SECOA has manufactured and installed stage equipment for the new Guthrie Theatre in Minneapolis, a $125 million complex with three performance spaces. The design of the new facility included stage systems with many unique features and requirements.

“This project presented several challenges because of the distinctive requirements of the Guthrie’s new facilities,” comments Steve Hagen, Chief Operating Officer at SECOA. “We had to engineer, build, and test some systems from the ground up. And then we had to get the equipment from the ground up to the 3rd and 9th stories of the new building, where the theatres are located. This was difficult because the equipment for this project was quite large.”

The stage trap systems in the proscenium and thrust theatres presented a very unique challenge. The Guthrie needs to be able to drive a fully loaded 7-ton forklift onto the trap system, even when some sections are removed. SECOA engineered a trap system consisting of 4’x4’ panels that could withstand an 8600-pound point load on a 2”x8” contact patch.

“The hardest thing to overcome was the plywood rating – there was no rating for this application,” says Hagen. “We had to have an independent test lab test a prototype to make sure that it would meet the Guthrie’s requirements- and it passed with flying colors.”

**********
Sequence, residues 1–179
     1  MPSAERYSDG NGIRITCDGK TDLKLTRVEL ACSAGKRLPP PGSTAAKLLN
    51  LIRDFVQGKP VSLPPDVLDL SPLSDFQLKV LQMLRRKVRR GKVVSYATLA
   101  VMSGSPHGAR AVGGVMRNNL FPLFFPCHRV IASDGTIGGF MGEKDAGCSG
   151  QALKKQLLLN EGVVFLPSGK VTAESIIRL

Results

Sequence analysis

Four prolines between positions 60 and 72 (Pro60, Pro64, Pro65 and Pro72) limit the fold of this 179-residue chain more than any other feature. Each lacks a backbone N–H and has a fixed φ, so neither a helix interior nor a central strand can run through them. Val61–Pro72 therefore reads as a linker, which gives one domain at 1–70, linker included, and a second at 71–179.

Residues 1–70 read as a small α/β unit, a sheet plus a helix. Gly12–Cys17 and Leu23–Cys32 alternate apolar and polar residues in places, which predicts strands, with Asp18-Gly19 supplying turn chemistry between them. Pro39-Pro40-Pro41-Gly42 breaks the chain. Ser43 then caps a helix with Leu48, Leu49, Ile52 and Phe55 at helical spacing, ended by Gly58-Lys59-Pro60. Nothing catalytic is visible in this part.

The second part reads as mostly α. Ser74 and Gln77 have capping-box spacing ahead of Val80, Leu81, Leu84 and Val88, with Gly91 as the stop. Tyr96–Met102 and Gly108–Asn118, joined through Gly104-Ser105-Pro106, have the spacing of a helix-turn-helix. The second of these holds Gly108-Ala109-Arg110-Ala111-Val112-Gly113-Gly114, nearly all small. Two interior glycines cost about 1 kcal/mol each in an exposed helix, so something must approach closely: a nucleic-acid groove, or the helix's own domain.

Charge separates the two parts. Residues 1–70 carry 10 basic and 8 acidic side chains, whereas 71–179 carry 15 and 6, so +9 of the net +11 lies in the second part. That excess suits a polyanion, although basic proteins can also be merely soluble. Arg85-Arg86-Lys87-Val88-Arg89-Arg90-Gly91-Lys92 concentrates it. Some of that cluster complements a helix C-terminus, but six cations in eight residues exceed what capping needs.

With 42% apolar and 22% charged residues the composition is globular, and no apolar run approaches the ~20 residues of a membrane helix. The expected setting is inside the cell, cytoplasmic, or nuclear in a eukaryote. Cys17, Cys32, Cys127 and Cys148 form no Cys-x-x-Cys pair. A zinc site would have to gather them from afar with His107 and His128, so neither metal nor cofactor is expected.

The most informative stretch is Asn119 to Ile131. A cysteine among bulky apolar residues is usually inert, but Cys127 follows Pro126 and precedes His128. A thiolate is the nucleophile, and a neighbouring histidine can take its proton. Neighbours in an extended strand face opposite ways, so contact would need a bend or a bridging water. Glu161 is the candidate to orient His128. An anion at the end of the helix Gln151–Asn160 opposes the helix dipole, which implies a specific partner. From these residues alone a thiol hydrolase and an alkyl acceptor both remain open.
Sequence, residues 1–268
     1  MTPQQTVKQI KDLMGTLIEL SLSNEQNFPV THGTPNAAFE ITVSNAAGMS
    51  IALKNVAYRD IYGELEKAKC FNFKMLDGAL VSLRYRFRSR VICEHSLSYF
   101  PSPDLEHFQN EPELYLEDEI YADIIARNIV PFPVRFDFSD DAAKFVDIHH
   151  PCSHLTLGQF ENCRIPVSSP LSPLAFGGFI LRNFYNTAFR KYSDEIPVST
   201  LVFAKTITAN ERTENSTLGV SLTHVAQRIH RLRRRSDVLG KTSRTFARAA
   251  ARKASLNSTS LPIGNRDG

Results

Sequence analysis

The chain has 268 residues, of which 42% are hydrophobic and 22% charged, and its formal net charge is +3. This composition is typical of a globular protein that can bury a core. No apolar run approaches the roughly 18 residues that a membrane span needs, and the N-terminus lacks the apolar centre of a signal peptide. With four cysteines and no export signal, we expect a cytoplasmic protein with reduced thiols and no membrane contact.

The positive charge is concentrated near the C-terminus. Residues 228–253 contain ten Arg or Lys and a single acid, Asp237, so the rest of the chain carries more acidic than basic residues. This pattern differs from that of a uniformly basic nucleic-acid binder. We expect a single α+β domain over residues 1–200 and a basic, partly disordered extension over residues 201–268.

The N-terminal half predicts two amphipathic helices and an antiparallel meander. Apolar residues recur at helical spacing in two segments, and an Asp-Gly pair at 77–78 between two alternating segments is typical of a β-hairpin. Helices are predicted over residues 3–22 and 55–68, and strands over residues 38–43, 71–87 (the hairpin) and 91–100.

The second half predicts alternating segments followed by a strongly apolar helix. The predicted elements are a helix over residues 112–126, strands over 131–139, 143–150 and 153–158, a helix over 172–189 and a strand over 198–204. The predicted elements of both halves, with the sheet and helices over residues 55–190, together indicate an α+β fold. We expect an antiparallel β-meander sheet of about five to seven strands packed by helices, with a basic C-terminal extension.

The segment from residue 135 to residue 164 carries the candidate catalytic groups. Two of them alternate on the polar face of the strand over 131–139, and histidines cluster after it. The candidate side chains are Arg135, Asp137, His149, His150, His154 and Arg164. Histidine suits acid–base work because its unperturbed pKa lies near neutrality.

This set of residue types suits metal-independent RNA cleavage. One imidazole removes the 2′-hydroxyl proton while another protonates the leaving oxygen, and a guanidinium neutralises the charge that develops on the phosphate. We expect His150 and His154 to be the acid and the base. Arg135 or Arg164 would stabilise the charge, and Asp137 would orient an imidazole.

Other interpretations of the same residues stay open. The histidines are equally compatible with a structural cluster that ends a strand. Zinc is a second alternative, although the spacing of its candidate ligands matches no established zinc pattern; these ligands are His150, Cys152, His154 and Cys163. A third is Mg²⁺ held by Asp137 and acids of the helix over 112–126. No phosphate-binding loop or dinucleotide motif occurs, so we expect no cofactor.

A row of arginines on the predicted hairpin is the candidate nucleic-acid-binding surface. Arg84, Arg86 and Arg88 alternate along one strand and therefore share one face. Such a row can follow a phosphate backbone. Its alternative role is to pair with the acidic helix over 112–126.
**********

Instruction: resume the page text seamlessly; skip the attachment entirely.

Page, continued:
The VOM ramp in the thrust theatre presented another unique challenge. The thrust stage can be used in a number of configurations due to a system of lifts that change the height of different sections of the stage. The VOM ramp that allow actors to enter the stage from underneath the audience has to move with the varying height of the stage. SECOA designed a unique cantilever system to keep the bottom of the ramps on the floor, while the top of the ramp moves with the complex asymmetric stage.

SECOA also supplied and installed rigging linesets, (including six installed in a stairwell for front of house rigging in the thrust theatre!) curtains, a wire tension grid, and other stage equipment at the Guthrie. “This project has been about collaboration from day one,” said Hagen. “Everyone – from Frank Butler (production manager at the Guthrie) to the architectural design team to all of the contractors on this project – has been great to work with.”